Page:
Intel will make the largest-ever investment by a foreign firm in Israel, in exchange for tax concessions and a government grant. The purpose, reportedly, is to build manufacturing capacity for next-generation chips.
In a step toward post-silicon electronics, a Stanford team has created stable carbon nanotube transistors that are as small as the best silicon transistors.
The U.S. Department of Energy’s ARPA-E program — which allocates small grants to early stage, high risk technologies — has launched a new project focused on efficient power grid electronics. Say wha? When electricity flows across, on and off the grid it has to go through a lot of inefficient conversion devices. This program, called SWITCH, will give funds to 14 projects working on more efficient power conversion technologies mostly at the transistor manufacturing level. More info and project winners here.
Carbon nanotubes can be used to create smaller transistors, leading to more powerful and efficient computers.
Qualcomm can’t find enough capacity to manufacture chips designed for mobile phones. These troubles will become more common as the physics that govern how we make semiconductors buckles under the demands of our increasingly mobile lives, where we demand low power and high performance.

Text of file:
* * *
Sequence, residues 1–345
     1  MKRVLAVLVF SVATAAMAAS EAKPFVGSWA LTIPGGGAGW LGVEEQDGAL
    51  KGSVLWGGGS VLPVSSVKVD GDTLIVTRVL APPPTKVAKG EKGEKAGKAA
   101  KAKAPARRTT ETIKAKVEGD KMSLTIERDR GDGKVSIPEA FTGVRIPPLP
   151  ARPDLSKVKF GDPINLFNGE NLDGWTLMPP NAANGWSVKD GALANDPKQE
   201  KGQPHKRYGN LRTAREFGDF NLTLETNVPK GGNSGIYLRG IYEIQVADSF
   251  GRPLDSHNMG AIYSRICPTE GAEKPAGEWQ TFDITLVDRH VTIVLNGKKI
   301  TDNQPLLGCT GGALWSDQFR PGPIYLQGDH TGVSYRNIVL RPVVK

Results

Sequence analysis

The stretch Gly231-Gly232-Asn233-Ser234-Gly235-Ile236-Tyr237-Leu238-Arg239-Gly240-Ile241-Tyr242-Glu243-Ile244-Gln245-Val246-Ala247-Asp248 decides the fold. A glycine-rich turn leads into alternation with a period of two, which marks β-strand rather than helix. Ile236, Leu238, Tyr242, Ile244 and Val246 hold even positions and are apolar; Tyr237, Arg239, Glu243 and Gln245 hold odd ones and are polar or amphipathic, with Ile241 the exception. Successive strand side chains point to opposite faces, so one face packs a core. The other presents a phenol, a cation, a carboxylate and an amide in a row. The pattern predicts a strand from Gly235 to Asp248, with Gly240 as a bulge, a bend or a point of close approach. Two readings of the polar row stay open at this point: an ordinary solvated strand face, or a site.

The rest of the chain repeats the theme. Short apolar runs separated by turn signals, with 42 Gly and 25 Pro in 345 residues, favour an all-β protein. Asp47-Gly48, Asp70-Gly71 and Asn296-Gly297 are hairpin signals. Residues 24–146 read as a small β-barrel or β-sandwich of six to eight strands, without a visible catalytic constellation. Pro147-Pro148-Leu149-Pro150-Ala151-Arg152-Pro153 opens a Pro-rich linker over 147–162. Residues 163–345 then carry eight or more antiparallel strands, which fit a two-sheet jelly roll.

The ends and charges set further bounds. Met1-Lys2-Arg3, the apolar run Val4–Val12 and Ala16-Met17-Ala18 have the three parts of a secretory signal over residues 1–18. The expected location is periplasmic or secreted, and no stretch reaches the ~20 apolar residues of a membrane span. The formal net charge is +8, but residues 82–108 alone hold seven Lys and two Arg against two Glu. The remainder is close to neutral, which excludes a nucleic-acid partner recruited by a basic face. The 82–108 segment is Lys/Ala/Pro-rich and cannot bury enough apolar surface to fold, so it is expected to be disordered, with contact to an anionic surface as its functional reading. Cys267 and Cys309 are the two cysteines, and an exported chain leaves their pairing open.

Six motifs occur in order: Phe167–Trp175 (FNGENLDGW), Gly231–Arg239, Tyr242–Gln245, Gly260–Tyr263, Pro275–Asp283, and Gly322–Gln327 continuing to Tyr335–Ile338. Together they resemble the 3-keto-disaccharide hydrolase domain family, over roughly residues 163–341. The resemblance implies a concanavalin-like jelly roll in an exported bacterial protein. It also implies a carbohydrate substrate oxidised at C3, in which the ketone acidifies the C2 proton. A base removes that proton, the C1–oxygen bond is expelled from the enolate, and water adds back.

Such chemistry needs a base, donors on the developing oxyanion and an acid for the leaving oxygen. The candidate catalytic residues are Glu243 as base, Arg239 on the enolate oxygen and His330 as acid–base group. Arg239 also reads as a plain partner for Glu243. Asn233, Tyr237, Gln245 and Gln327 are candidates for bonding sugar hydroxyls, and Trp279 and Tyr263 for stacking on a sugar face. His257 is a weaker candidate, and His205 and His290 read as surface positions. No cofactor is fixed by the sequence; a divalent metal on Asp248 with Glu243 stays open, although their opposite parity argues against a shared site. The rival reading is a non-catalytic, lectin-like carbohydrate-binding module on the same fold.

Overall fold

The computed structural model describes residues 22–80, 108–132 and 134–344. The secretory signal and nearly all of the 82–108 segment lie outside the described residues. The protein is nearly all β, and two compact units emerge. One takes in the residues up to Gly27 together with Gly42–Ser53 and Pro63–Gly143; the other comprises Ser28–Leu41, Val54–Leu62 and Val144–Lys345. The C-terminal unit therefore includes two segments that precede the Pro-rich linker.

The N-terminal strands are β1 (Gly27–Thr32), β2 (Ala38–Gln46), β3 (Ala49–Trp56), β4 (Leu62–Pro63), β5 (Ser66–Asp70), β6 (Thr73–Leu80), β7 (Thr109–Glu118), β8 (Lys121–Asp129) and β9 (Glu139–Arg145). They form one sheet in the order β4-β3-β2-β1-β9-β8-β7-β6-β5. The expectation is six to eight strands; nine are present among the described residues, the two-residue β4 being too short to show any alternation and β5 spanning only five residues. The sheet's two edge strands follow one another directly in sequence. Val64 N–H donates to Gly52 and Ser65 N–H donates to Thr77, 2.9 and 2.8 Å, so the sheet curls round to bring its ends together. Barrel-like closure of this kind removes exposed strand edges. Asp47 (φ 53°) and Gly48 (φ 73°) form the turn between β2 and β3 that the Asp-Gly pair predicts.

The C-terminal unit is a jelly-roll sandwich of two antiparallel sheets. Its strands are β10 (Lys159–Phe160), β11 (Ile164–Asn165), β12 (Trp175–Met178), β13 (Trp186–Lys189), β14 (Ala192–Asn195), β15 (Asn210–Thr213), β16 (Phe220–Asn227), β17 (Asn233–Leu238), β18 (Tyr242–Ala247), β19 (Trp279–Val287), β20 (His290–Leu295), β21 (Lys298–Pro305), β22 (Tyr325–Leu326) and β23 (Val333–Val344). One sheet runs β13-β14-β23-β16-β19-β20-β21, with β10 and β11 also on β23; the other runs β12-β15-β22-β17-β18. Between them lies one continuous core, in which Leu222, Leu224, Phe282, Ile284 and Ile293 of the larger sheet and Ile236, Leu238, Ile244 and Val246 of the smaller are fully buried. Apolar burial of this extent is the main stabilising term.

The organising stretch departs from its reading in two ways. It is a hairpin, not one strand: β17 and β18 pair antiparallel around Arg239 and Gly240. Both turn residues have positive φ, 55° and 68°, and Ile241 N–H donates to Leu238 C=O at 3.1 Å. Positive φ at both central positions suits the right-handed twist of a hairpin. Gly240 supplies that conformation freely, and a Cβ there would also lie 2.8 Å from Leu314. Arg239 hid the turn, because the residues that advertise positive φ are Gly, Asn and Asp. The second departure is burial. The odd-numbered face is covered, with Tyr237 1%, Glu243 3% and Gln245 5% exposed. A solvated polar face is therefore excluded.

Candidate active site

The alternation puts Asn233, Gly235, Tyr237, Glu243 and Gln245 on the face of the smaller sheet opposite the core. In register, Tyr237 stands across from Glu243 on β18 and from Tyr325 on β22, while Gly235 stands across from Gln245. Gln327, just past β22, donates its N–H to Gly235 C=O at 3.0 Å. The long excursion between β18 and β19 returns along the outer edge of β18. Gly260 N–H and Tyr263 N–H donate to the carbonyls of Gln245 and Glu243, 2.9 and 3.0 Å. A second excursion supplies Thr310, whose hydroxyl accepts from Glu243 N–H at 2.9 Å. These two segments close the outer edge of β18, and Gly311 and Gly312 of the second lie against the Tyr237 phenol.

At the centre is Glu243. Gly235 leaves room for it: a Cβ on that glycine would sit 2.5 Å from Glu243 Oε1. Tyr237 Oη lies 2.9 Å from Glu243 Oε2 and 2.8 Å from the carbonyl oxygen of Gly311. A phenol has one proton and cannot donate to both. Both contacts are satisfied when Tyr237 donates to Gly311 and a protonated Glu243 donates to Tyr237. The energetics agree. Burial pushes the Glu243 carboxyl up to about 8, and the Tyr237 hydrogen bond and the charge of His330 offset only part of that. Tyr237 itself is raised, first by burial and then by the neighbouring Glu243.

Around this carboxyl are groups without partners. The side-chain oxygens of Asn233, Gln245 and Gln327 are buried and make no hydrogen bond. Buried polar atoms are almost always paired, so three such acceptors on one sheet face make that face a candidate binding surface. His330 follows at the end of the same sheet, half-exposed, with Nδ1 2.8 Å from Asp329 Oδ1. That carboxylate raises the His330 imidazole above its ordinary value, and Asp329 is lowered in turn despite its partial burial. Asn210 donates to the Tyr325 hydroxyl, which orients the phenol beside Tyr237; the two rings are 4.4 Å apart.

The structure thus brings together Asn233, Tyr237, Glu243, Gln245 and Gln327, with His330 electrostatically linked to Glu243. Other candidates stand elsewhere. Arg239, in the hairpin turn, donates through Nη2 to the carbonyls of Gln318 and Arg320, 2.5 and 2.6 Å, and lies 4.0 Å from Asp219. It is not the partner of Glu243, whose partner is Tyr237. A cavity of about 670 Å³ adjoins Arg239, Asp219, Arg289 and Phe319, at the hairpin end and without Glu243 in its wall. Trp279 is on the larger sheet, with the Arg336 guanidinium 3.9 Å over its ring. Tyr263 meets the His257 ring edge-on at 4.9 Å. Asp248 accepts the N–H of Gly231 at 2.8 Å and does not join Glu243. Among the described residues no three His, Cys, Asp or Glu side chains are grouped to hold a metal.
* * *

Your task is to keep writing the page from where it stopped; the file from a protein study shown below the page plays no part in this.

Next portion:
Intel announced new chips yesterday, incorporating a new three-dimensional manufacturing process to fit more processing capability into a smaller space whilst consuming less power and costing less to manufacture. GigaOM’s Stacey Higginbotham described the announcement as “significant, but not as big of a breakthrough as I hoped for,” and Arik Hesseldahl at the Wall Street Journal‘s All Things Digital notes that the concept was first announced way back in 2002… and may not result in shipping chips until the end of 2011 or early 2012. Over at InfoWorld, Ted Samson flags the concern that processors optimised for mobile devices may be much further off. Chips need to consume less power as we use more of them, more often. Apparently, we also have an insatiable demand for more powerful processors. Intel’s announcement meets both those requirements, and keeps things moving nicely along the path predicted by Gordon Moore almost 50 years ago.
IBM thinks that tunnel field-effect transistors could cut transistor power use by tenfold and virtually eliminate vampire power, and it’s working with European researchers to bring the idea from lab to market in six to 10 years.